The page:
5. Ensure support and protection to our frontliners. Provide adequate Personal Protective Equipment (PPE) to health workers, doctors, nurses, medical and ex-ray technicians, and others directly involved in anti-COVID19 efforts. Provide them adequate transport services to and from work. Ensure safe and healthy working conditions – nutritious food, rest, hazard pay, free and regular COVID-19 testing, and other forms of support. This includes both hospital-based personnel, those in triage areas outside hospitals tasked to screen patients, and those deployed to collect specimens for testing. Community health workers that help in public information, education and sanitation drives should be provided PPEs like masks, alcohol, gloves, etc.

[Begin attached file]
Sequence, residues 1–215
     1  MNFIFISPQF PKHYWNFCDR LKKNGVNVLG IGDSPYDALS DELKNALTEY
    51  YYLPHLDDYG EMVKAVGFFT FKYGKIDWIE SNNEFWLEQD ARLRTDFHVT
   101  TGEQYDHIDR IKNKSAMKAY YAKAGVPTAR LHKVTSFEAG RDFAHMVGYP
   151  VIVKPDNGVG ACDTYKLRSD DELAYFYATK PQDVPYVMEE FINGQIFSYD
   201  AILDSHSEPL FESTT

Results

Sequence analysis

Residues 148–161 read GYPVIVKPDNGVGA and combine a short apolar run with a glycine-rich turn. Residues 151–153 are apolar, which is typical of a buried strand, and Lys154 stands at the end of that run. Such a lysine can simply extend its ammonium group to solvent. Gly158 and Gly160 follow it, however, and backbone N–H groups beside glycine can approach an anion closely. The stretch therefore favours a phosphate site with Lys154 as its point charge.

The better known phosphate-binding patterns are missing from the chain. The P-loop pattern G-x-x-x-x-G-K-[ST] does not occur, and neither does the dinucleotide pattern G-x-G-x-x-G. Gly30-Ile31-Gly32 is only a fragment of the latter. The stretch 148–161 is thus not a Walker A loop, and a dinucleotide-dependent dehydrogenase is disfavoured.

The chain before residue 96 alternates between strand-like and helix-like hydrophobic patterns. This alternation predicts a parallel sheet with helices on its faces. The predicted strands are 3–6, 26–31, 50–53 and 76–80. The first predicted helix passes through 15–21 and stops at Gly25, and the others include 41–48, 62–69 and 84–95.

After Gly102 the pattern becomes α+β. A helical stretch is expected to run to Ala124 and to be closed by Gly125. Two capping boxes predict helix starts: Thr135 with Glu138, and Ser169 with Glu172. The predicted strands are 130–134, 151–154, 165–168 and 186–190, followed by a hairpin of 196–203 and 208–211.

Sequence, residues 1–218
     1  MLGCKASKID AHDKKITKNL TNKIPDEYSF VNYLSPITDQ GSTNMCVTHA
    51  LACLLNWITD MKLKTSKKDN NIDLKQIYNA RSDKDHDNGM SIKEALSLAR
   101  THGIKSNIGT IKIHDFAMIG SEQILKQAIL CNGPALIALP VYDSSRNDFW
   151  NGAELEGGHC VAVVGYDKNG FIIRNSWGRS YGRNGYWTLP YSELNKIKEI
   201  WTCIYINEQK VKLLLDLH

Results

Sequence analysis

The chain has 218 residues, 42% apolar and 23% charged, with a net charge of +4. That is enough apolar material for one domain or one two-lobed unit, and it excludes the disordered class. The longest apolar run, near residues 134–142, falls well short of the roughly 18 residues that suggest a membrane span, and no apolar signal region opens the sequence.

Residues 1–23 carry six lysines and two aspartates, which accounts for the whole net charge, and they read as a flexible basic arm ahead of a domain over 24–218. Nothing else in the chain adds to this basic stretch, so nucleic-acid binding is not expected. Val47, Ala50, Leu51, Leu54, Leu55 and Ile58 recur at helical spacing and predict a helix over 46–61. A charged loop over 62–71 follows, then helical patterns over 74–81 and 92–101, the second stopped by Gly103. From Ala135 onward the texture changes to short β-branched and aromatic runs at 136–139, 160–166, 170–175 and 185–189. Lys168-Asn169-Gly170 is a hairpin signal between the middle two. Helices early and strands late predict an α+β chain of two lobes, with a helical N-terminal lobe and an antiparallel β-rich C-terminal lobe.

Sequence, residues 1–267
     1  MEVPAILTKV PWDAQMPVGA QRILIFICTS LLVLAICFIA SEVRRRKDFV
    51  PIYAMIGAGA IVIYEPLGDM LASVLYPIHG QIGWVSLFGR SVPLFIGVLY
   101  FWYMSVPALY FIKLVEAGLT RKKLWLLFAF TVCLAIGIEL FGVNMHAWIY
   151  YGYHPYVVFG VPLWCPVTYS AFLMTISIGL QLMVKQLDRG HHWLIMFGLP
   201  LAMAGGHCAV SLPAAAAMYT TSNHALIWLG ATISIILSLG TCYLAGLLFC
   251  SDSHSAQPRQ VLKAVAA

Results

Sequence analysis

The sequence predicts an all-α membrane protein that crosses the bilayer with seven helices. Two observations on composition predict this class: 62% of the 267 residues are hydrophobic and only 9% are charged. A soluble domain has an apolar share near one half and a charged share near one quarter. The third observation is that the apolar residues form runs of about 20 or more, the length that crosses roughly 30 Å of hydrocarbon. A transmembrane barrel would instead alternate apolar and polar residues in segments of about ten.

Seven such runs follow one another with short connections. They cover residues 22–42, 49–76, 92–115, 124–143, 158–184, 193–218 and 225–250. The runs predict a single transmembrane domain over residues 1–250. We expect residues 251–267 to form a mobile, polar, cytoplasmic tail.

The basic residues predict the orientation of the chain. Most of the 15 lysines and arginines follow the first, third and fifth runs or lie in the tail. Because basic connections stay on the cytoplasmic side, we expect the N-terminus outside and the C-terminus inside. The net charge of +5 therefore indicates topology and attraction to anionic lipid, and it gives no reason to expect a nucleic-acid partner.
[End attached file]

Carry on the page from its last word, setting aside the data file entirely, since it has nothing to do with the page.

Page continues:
6. Improve systems and protocols to address COVID-19 down to the community level. Ensure correct, timely and understandable public information about COVID-19 and how to avoid infection. Provide clear instructions on the nearest and facility for suspected COVID-19 patients. Provide transportation to patients needing hospital care. Train Barangay Health Workers (BHW), relief and disaster management personnel, and volunteers for their effective participation in anti-COVID-19 efforts. Fix the loopholes and deficiencies in the unified and comprehensive health system and management of the crisis. Issue clear guidelines and support mechanisms from the national to the local governments, recognizing each LGU’s capabilities and limitations. Use persuasive and participatory mechanisms instead of repressive measures and intimidation for people to follow quarantine protocols.